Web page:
A rare bumble bee has been sighted in northeastern Iowa. Kaytlan Moeller, outreach coordinator for Dubuque County Conservation, calls it a “super-exciting” find.
“The rusty patched bumble bee is a designated, federally-endangered species,” Moeller says. “It’s been endangered since 2017 and is actually one of about 21 bee species that are endangered in the United States. And we happened to find this rusty patched bumble bee in some of our what we call pocket prairies in Dubuque County.”
The bees were found in a “Mowing to Monarchs” program prairie area late this summer. The county created the program to develop native habitat three years ago, with the goal to help the endangered monarch butterflies and other pollinators.
“You’re transforming your turfgrass over to monarch habitat,” she says. “Monarchs are kind of a keystone species, so if you have monarchs in your areas, you have other very sensitive and rare pollinators as well. So it was the goal to build habitat for our community here in Dubuque County and yes, it’s doing exactly that.”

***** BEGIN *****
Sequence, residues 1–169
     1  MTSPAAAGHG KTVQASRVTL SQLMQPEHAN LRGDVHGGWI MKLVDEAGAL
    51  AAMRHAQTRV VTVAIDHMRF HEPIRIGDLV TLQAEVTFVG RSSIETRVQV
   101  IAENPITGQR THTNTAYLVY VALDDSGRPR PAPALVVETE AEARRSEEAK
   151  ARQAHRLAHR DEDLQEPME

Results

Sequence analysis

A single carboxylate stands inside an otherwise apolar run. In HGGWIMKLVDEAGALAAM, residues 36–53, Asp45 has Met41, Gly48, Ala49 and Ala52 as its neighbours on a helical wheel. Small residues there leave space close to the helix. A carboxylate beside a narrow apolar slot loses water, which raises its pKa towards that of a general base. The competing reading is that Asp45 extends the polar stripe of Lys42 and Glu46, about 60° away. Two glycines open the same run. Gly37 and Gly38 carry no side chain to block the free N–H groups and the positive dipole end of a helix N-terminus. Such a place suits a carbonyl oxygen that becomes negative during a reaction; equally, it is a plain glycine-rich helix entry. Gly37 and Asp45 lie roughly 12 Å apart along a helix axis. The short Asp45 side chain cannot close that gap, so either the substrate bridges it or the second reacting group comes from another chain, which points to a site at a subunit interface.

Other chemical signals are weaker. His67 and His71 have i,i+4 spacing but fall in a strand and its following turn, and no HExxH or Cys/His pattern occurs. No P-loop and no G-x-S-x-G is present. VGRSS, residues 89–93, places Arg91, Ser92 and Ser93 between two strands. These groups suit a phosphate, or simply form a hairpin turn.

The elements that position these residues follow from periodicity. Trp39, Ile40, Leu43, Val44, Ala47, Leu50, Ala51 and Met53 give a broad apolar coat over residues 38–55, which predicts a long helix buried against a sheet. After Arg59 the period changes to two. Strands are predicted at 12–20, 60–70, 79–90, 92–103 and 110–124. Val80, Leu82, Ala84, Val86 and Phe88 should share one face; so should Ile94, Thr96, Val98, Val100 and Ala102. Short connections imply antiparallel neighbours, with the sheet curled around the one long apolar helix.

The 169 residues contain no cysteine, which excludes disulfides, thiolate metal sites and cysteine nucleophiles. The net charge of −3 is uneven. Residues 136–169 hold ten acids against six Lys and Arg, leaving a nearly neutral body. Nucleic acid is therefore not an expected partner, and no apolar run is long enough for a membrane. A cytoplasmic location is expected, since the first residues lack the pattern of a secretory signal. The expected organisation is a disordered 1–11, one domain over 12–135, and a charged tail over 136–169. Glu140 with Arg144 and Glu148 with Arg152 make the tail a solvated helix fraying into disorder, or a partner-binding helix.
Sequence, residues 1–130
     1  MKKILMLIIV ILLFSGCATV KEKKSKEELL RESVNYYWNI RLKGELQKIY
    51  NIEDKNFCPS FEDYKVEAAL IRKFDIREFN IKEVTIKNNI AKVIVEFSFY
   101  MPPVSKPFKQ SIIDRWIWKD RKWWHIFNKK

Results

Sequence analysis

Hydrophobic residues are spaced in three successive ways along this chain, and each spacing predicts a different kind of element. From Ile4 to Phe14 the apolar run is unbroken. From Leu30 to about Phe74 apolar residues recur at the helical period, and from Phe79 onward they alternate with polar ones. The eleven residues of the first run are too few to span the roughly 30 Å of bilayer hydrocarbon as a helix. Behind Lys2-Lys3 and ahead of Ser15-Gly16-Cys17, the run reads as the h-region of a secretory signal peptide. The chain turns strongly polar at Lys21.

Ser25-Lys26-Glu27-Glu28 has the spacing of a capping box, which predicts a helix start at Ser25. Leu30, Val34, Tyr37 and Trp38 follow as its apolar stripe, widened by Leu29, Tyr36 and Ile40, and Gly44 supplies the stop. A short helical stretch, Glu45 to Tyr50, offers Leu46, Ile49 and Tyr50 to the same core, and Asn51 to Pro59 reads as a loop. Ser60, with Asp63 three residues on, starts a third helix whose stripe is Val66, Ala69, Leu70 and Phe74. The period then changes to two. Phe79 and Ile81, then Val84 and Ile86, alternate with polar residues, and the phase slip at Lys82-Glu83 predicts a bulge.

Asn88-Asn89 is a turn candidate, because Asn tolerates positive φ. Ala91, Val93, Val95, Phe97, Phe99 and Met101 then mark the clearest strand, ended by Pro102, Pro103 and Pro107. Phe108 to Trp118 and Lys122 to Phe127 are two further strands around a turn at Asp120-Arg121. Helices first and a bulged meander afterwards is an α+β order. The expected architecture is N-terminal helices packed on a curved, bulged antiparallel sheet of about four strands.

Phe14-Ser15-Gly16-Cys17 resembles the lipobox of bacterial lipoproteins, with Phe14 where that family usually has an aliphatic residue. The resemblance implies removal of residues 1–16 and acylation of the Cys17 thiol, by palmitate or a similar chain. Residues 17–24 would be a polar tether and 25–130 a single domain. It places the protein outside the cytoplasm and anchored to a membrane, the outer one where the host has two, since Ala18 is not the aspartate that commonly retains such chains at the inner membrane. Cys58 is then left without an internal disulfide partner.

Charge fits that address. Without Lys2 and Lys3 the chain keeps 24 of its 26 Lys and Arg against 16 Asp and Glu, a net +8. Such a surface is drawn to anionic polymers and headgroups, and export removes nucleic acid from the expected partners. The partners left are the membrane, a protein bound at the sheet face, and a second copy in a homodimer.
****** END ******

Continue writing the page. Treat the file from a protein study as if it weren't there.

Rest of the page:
All Iowans can help pollinators like bumblebees and butterflies. Moeller says it’s as simple as leaving your fall leaves and other dead plants where they are for the winter, a movement called “Leave the Leaves.”
“The best thing to do with your pollinator garden or any of your landscaping that you have in your yard is actually to leave it because those native species use that area for a refuge,” Moeller says. “They overwinter in the form of an egg or maybe as an adult or maybe a queen bee who’s actually impregnated for next spring. She’s going to come out and make a new hive.”
Moeller says our yards can help sequester carbon, improve water quality, rebuild biodiversity and still be beautiful. Nearly 200 Dubuque County landowners have participated in this ongoing program, planting 120,000 square feet of prairie — and Moeller says it’s been a big success that has the potential to take off in other areas, too.
(Janelle Tucker, KMCH, Manchester)